More than 900 farmers have registered to take part in the first Big Farmland Bird Count.
Peter Thompson, the GWCT’s farmland biodiversity adviser, said farmers play a crucial role in the survival of farmland birds through the wide range of conservation measures they implement on their land.
He hoped the count would help us understand how these “green” measures were helping “some of our most rapidly declining birds and importantly, which species are benefiting most”.
Somerset farmer Henry Lang (pictured) carried out his count on his 405ha (1,000 acre) commercial farm at Curry Rivel this weekend. He was one of the first to submit his results.
In just half an hour, Mr Lang spotted an impressive range of birds on a 2ha wheat field on his farm. The field, which is surrounded by 6m grass margins, hedging and wild bird seed crops proved a haven for wild birds.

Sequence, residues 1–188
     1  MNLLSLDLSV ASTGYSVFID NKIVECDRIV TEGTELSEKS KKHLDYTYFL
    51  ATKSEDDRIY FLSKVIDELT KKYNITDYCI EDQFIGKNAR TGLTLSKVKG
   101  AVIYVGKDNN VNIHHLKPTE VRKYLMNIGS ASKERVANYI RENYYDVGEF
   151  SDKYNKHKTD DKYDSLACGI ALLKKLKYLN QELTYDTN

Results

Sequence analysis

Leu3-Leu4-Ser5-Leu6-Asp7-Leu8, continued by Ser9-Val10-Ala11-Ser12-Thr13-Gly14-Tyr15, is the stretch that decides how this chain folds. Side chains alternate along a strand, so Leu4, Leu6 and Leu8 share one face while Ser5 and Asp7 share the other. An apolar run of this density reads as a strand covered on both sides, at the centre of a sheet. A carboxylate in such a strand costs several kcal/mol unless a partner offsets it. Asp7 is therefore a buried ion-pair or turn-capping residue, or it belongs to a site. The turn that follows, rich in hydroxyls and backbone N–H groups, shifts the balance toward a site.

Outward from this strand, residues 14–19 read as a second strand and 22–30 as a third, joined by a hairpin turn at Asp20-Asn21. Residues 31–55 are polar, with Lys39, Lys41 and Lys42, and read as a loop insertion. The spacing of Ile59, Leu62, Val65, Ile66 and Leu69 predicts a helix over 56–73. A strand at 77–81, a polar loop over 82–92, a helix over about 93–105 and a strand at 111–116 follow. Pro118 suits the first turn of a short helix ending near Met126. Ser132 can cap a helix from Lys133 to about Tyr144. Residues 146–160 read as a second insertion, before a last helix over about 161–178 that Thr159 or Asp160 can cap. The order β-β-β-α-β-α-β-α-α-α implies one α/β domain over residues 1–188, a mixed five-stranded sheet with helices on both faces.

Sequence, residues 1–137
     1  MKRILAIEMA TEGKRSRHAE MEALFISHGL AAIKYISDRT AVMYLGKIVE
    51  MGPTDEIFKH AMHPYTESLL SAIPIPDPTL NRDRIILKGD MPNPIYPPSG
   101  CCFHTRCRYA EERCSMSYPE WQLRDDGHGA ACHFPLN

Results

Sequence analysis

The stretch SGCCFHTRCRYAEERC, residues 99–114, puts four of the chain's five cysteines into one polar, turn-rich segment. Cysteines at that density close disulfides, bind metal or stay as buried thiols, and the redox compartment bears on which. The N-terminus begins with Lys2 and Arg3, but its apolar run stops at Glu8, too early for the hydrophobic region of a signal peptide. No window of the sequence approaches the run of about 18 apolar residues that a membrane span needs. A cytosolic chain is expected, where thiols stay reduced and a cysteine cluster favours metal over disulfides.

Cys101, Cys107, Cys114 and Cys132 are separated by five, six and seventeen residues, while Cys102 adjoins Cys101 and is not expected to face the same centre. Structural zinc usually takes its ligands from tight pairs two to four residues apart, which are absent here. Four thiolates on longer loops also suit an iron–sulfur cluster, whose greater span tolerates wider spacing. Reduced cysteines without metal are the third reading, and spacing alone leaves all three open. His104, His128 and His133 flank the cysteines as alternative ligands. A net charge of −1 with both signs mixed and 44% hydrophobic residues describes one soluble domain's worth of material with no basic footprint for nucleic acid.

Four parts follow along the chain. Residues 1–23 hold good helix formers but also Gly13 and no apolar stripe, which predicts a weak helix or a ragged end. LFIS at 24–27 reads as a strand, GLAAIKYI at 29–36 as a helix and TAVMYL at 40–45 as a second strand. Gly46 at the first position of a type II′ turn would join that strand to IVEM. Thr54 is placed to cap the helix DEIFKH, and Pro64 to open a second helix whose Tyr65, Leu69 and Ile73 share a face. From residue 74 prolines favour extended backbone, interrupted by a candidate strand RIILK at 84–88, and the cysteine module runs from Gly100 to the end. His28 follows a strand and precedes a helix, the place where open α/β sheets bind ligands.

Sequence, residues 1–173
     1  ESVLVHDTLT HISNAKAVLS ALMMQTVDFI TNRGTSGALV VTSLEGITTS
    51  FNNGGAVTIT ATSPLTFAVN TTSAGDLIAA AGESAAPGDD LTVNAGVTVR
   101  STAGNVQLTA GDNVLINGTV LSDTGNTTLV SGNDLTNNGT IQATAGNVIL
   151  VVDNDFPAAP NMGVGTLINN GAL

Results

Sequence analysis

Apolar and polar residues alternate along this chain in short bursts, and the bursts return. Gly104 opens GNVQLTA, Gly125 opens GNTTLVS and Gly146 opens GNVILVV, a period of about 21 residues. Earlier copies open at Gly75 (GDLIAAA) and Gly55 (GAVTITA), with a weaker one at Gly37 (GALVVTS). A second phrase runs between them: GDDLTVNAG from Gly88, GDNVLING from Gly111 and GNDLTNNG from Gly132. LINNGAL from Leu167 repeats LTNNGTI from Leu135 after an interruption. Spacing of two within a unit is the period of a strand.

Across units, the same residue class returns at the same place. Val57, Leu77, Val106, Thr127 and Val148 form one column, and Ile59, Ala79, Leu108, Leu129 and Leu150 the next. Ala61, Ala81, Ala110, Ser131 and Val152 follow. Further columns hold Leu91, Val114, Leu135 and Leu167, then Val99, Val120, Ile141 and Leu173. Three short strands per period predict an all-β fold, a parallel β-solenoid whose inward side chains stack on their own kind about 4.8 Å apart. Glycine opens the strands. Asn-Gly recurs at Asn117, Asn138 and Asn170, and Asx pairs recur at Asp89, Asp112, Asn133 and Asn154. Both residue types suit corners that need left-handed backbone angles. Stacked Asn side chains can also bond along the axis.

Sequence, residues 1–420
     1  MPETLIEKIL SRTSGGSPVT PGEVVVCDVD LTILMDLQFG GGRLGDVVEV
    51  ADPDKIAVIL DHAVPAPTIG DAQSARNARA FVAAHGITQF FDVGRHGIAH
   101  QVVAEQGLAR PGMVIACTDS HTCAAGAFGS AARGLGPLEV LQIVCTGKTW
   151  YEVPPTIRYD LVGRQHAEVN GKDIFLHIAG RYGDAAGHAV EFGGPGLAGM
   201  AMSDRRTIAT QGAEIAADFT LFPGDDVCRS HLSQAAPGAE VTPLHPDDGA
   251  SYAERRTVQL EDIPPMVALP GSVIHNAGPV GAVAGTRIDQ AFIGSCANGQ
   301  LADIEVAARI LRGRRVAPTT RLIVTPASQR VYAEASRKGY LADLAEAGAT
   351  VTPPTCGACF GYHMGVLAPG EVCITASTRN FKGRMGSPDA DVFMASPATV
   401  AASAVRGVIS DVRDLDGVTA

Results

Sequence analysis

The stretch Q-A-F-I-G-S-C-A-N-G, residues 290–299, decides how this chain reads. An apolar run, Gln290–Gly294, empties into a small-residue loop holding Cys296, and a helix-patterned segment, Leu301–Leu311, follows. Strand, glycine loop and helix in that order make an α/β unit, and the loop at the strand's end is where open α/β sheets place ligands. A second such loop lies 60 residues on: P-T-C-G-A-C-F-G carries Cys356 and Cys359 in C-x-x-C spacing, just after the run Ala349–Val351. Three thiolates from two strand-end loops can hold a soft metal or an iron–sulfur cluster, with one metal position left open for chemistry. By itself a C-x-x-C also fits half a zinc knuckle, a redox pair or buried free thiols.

The count revealed flocks of 60 fieldfares, 20 starlings as well as blackbirds, wrens, blue tits, reed buntings, song thrushes, dunnocks, pied wagtails, goldfinches, grey partridges and two goldcrests – one of our smallest bird species.
“Henry showed that, although he runs a profitable commercial farming operation, wild birds are thriving because of the wildlife habitats that have been incorporated in blocks around the farm together with supplementary overwinter feeding,” said Mr Thompson.
For more information on the Big Farmland Bird Count or to participate, visit the GWCT’s website.